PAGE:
Up to 5,000 seasonal workers from Georgia were supposed to help the local farmers with the harvest last year. But only a few came – because some fellow compatriots warned of the exploitation and conditions in this country.
(…) Again and again he told of his trust in Germany, of the hope for a fair wage for hard work, of the flight he paid for himself – and of the fiasco on a strawberry farm on Lake Constance. Again and again, one sentence emerges: “They cheated us all along the line.”Chakhanidze, a muscular man of 30, has been working as a fruit seller since before his trip to Germany. But now he has to pay off debts to acquaintances with the little income he has. According to Tschatschanidse, he earned so little in Germany that the money was not even enough for his return ticket.Around 275,000 seasonal workers help out in German agriculture every year, many of them from Eastern Europe. Poland, Romania, Ukraine, farmers recruit their labour ever further east. There, where poverty is greater and the willingness to work under adverse conditions abroad is higher.But from Georgia, where poverty is great and prospects are few, hardly anyone has come. For the first time this year, up to 5,000 Georgians would have picked asparagus, cucumbers, apples or strawberries in Germany. That is the plan of a placement agreement between Germany and Georgia announced by the Federal Employment Agency at the beginning of 2021. Within a few days, 80,000 Georgians are said to have applied, and the asparagus associations rejoiced. Now, after the season, the employment agency sends an incomparably lower number: just 300 Georgians were there. And Jemal Chakhanidze may have had his share in that.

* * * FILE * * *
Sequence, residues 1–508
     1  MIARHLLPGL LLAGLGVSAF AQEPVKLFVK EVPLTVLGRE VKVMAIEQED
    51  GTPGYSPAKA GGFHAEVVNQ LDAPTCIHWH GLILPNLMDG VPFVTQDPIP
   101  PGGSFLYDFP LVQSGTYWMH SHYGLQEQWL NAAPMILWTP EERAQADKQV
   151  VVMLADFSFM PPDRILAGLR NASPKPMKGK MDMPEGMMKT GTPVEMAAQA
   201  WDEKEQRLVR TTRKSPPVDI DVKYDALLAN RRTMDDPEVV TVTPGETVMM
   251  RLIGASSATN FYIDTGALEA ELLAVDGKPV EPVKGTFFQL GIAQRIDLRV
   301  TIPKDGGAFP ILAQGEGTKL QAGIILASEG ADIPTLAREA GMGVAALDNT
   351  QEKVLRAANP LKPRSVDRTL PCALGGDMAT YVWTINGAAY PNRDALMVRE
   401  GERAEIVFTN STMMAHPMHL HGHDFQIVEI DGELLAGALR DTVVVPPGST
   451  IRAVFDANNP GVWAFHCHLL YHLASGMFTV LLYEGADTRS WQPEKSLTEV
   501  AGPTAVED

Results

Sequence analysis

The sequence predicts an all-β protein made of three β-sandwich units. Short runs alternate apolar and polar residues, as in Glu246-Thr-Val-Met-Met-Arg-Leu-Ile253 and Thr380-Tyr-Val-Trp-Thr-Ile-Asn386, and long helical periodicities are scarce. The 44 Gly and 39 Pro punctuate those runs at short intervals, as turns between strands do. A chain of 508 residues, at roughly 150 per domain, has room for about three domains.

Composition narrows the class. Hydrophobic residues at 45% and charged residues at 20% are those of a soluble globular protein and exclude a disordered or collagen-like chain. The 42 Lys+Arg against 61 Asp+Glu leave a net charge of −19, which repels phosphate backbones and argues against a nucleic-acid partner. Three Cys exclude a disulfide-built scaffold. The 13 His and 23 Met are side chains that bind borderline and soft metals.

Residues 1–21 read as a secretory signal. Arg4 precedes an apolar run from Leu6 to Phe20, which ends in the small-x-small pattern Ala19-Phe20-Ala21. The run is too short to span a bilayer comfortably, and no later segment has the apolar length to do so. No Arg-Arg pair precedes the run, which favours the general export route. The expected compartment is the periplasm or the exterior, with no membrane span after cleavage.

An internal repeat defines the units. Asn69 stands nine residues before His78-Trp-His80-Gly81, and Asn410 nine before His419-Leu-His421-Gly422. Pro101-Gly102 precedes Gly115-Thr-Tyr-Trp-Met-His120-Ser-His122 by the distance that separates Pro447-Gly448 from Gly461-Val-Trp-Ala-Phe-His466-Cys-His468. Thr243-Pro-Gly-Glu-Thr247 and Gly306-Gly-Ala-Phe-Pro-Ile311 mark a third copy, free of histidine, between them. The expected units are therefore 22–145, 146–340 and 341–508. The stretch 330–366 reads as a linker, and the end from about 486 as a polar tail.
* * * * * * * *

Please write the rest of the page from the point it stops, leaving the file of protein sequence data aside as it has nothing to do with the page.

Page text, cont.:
A debate throughout the country
Because Chakhanidze and his colleagues did not put up with the precarious working conditions, because they shot videos, called journalists and trade unionists, because it all became a big public debate in Georgia, many of his compatriots probably stayed at home – instead of toiling in German fields.”Georgians have seen that Germany is not a paradise,” says a Georgian trade unionist about the scandal the reports have caused in Georgia.”Many Georgians have said, no, not under these conditions,” confirms a consultant in Germany who has supported Georgian workers.”I think it has to do with the fact that people now know the real situation,” says Chakhanidze. (…)
Jemal Tschatschanidze says he learned about the agreement between Germany and Georgia on television, that was in March 2021. He applied to the responsible state agency in Georgia, got an employment contract, he bought a flight ticket for just under 400 euros and landed in Munich on 9 May. He documented almost every step of his long journey on Facebook.
He trusted Germany
(…) But Tschatschanidze describes the following six weeks on the strawberry farm as a trauma. “Even the arrival was a shock for me,” he says. In dilapidated containers, the 24 workers from Georgia were supposed to sleep close together in worn bunk beds, in the toilet room the floor was broken through, only centimetres in front of the window there was a thick wall. Sewage was flowing behind the containers. It stinks, the workers say in one of the videos in which they documented everything. They are available to DIE ZEIT. “I could never have imagined anything like this,” says Tschatschanidze. “I don’t even want to use the words that come to mind for it.”
400 euros in six weeks